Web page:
Now in 2009 and with this economy, the Harmans are not sure what level of visitors to expect for the coming tourism season. They had grand plans originally, based on hoped-for sales in the adjacent Harman Park development, but the economy and low sales has “put a big crimp in that idea,” said Fred.

“A lot of plans are now in a holding pattern.”

“Last winter we had to let Terri Andersen go because we just couldn’t pay her. We didn’t have enough revenue coming in,” Norma added sadly. Terri had been helping Fred with office work and with his emergency communications management work. Terri and her husband Bruce—not finding other work here in Pagosa—have moved to Kanab, Utah.

So, with no paid museum manager, Fred is once again administering the place — something he had done for 27 years. Fred is now 82 and Norma is 76. It was obvious they are feeling the need to slow down.
 
“There comes a time when you can’t do so much anymore. So that’s why we’re in a holding pattern right now,” asserted Norma.

Where in the past the museum has been open year round, seven days a week, this year the schedule is Monday through Friday from 10am to 5pm, with Saturdays by appointment only. Sundays are closed to the public, while the building hosts services for the Trinity Anglican Church, which broke ground in Harman Park just last week.

Fred explained that the Board of Directors for the Fred Harman Museum, headed by Margie Long, is planning the continuation of museum operations. The nine members have said they will all pitch in. So little by little, things are coming together. A Board meeting next month will consider alternatives to increase awareness of the museum and to preserve the heritage of this valuable cultural asset in Pagosa.

Restoration of some of the historical buildings on the museum grounds is planned. Tourists will be able read about the history of each on the outside, then enter the buildings and view displays furnished by Fred and Norma’s plentiful attic.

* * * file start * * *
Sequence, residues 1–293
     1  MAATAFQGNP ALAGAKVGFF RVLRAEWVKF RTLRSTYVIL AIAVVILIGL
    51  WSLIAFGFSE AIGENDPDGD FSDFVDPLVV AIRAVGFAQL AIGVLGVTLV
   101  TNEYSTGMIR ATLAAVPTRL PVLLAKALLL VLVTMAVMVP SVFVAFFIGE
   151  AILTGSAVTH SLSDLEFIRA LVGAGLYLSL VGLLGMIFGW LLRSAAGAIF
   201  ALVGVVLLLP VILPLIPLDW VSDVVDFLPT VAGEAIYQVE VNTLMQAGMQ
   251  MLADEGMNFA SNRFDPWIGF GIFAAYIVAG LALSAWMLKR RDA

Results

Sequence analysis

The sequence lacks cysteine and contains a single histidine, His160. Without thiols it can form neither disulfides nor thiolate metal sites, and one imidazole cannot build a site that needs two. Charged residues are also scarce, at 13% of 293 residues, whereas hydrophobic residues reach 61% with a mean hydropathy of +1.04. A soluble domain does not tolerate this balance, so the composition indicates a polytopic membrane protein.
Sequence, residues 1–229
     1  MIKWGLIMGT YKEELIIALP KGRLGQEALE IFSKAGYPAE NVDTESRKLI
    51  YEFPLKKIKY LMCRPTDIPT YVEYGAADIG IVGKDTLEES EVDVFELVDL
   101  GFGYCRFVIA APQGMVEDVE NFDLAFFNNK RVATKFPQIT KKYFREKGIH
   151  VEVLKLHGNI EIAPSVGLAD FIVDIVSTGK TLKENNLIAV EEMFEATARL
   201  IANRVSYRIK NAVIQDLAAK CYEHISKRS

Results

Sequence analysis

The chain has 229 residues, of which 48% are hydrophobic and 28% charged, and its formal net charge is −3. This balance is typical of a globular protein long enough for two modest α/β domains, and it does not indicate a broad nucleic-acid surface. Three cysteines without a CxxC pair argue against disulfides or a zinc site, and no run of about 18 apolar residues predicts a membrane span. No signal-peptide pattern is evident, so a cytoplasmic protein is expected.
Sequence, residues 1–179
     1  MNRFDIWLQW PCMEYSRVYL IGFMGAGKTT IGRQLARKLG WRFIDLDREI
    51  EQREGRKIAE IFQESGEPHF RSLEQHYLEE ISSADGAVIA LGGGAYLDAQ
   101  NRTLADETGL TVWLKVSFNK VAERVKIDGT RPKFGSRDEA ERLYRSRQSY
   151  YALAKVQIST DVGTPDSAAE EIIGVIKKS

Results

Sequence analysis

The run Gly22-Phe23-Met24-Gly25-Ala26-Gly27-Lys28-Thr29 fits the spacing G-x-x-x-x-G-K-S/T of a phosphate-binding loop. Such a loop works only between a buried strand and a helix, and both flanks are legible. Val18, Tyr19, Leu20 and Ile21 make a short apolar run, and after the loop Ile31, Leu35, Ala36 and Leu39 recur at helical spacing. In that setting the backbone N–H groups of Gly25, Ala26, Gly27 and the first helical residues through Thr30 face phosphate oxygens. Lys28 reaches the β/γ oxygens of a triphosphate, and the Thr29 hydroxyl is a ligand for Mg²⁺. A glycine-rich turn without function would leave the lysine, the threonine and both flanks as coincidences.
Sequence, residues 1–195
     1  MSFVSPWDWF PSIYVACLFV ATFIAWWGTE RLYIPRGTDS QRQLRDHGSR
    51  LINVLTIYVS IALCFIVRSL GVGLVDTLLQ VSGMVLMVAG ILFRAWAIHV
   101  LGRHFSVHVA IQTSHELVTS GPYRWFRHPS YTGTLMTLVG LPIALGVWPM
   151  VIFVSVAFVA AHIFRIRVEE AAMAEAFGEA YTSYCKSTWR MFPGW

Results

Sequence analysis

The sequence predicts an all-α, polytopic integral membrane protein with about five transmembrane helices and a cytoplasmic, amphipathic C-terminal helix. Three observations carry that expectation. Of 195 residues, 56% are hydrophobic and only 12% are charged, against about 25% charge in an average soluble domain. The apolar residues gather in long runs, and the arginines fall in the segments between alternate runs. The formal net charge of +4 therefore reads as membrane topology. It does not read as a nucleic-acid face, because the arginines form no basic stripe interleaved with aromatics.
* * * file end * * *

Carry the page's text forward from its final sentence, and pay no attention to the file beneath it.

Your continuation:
The Fred Harman Museum will again feature dinner theater productions from the Springs Theatre Company in a 40’ x 60’ tent during the months of June, July, and August. The public may also rent the tent for specialized activities like weddings and parties with catering.

“We will open with the help of our docents,” Norma emphasized, and explained that the museum relies on a staff of ten or so loyal and dedicated volunteers. A motto on Fred’s administrative binder read, “Volunteers are unpaid, not because they are worthless, but because they are priceless.”

So fortunately for local and visiting art fans, the Fred Harman Museum will open for the season on Monday, May 4. The couple told me they’ve already had a number out-of-towners, stopping throughout the month of April to see when they would open—a favorable omen, perhaps, for the coming season.

The FRED HARMAN ART MUSEUM is located at 85 Harman Park Drive, Pagosa Springs, Colorado 81147, next to Wells Fargo Bank in the eastbound lane of Highway 160. You can reach them by phone at 970-731-5785 or at their website.